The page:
GPUs and Parallelization - Biye Jiang, Aaron Culich

October 21, 2015 at 5-6:30pm in BIDS, 190 Doe Library


Meeting Info

Biye Jiang

Biye Jiang is a PhD student at UC Berkeley in the CS department working with John Canny.

Aaron Culich

Aaron is a research computing architect at Berkeley.

Discussion: GPUs and Parallelization

Today’s topic is about GPUs and parallelism.

Survey of Needs and Resources – Aaron Culich

Aaron referenced a presentation on this topic. It can be found here.

Aaron started this presentation with a survey of what the attendees are actually using.

Python Parallelism

It was mentioned that, for some folks, python is the language of choice. The Python Multiprocessing module was mentioned. This was the topic of a THW session last year. The THW resources on this topic can be found here. That session was not on GPUs, however, the python threading module can be used in conjuction with PyCUDA, a python module for GPUs.

Research IT – Krishna Muriki

Research IT is available as a resource for individuals who would like to test their code on GPU resources. Krishna Muriki expresses that there is an institutional shared linux cluster (Savio). Within that cluster, there are 6 compute nodes with 4 kepler GPUs each. Those nodes are in testing and BRC is interested and open to new users.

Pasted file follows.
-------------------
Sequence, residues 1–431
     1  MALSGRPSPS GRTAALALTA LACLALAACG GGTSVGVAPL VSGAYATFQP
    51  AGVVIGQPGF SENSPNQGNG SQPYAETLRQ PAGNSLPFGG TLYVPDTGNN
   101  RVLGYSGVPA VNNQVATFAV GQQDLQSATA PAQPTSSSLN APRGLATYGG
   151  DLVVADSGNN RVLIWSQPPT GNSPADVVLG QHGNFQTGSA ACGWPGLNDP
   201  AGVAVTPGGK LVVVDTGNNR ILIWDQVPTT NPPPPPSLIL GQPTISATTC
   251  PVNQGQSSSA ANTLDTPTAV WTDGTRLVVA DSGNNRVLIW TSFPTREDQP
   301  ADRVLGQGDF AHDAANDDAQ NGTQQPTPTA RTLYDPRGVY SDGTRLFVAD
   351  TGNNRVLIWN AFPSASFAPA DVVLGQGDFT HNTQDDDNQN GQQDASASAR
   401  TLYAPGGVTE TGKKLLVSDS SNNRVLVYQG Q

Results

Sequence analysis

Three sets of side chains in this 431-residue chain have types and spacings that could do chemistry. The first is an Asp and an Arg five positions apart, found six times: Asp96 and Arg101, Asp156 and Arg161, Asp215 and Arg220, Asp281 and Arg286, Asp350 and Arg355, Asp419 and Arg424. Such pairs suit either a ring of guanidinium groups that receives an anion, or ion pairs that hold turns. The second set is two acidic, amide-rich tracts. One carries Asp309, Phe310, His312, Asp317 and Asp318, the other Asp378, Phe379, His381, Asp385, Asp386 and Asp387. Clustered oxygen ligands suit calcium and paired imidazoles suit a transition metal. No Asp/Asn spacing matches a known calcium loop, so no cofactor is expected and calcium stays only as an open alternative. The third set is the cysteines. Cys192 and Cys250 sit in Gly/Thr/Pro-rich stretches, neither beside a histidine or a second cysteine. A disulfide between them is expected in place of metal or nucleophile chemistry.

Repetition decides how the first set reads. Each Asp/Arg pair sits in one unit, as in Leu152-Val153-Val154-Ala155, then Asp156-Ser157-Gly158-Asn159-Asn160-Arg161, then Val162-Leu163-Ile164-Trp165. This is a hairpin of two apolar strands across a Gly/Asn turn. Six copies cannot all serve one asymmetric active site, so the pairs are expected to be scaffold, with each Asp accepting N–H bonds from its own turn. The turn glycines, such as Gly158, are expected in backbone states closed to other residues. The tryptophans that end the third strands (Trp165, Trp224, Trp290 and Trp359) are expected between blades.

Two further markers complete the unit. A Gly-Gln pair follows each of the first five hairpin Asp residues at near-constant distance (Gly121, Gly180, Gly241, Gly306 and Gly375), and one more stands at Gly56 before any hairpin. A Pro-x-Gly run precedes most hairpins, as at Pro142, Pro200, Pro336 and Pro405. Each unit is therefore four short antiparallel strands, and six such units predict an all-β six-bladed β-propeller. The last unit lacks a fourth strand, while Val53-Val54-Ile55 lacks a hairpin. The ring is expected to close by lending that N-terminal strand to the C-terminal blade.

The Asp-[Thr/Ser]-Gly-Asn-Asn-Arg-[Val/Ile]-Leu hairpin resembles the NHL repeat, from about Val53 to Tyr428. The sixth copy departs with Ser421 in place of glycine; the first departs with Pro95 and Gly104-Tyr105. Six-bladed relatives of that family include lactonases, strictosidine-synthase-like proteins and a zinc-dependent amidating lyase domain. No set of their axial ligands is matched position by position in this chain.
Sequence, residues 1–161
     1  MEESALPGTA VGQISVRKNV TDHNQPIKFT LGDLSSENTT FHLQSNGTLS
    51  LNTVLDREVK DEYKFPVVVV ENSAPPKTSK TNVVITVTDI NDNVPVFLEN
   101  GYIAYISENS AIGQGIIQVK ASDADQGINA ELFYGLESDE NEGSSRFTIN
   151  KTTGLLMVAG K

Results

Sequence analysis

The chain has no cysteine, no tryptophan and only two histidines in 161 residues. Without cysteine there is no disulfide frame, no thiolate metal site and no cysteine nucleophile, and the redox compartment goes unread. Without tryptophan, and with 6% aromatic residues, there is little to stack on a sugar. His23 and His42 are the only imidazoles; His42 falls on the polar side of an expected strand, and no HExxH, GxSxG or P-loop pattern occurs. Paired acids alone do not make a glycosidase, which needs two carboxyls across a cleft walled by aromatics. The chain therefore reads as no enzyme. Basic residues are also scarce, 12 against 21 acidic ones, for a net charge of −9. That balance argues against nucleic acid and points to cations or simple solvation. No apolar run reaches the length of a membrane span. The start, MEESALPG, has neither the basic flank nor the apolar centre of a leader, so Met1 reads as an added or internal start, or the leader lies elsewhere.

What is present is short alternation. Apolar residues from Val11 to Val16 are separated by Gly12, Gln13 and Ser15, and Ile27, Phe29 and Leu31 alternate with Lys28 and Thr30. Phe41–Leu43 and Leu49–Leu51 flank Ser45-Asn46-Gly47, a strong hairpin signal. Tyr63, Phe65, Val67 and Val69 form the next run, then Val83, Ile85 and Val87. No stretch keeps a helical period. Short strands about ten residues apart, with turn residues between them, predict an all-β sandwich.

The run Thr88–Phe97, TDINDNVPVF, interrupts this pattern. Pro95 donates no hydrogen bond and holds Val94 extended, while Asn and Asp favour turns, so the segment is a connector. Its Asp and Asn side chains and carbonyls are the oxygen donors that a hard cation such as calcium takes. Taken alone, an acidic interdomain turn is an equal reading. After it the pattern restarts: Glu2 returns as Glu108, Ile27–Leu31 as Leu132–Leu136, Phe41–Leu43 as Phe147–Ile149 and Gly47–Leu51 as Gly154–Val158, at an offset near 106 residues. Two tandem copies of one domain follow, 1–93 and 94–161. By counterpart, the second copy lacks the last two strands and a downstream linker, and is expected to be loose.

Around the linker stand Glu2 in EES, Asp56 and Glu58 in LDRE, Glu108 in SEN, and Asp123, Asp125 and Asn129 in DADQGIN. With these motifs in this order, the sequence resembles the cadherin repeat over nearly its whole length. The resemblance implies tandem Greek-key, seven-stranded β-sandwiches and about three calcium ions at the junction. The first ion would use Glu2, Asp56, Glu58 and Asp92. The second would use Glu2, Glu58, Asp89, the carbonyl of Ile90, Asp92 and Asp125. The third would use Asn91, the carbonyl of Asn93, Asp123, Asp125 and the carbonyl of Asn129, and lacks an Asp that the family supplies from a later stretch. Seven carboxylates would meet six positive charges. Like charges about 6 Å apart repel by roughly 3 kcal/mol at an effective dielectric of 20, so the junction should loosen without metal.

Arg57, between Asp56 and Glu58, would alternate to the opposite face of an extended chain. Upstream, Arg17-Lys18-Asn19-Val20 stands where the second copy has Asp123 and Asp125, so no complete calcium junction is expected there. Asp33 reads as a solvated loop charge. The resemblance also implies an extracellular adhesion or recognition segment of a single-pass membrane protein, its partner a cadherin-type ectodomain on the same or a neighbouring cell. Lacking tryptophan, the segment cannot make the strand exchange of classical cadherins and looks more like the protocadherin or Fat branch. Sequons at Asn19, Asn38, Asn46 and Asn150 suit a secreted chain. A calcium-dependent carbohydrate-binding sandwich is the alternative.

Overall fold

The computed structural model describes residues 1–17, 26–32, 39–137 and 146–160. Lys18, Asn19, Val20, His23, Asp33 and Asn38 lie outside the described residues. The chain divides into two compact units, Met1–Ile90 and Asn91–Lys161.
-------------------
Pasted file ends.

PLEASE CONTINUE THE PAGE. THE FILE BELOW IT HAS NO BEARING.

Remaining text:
Java runtime engine – Oliver

Oliver at ESPM has a javascript modeling project for agent based population models. They are working to make their software scalable from the desktop to the level of higher performance computing. The NOVA stack and XSEDE resources are core to their efforts.

Scala Demo – Biye Jiang

Biye demonstrated the speed of GPUs by conducting a matrix multiplication using GPUs versus conducting the same multiplication using CPUs.

GPU Discussion

Biye shared some of the diagrams from this presentation.

He noted

GPU BIDMat demo

Biye presented an ipython notebook to demostrat how BIDMat works.

The ipython notebook demos are here.

Lightning Talks

Finally, there will be a time for a couple of Lightning Talks, which are 5-10 minute blasts of information about a particular topic or question of interest to the group. This topic can be anything useful, new, or interesting to scientists who compute. It may be some new skill you have recently picked up in your research, a productivity tool you have recently learned to love, a quick demo of a useful library, or anything you feel we would enjoy learning.
Note that the lightning talk time is a good way to bring a question to the group. If you have a bug you need help with, here’s the place to ask many ears about it at once.

Name : Topic

Notes and links

Name : Topic

Notes and links